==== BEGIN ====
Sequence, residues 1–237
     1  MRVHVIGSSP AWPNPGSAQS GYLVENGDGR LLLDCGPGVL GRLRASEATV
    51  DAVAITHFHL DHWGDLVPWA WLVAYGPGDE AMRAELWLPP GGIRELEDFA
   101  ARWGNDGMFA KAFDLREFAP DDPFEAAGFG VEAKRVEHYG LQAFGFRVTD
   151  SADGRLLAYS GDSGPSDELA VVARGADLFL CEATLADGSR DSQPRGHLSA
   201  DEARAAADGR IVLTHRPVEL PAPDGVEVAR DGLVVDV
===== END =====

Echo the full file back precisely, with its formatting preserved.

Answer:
Sequence, residues 1–237
     1  MRVHVIGSSP AWPNPGSAQS GYLVENGDGR LLLDCGPGVL GRLRASEATV
    51  DAVAITHFHL DHWGDLVPWA WLVAYGPGDE AMRAELWLPP GGIRELEDFA
   101  ARWGNDGMFA KAFDLREFAP DDPFEAAGFG VEAKRVEHYG LQAFGFRVTD
   151  SADGRLLAYS GDSGPSDELA VVARGADLFL CEATLADGSR DSQPRGHLSA
   201  DEARAAADGR IVLTHRPVEL PAPDGVEVAR DGLVVDV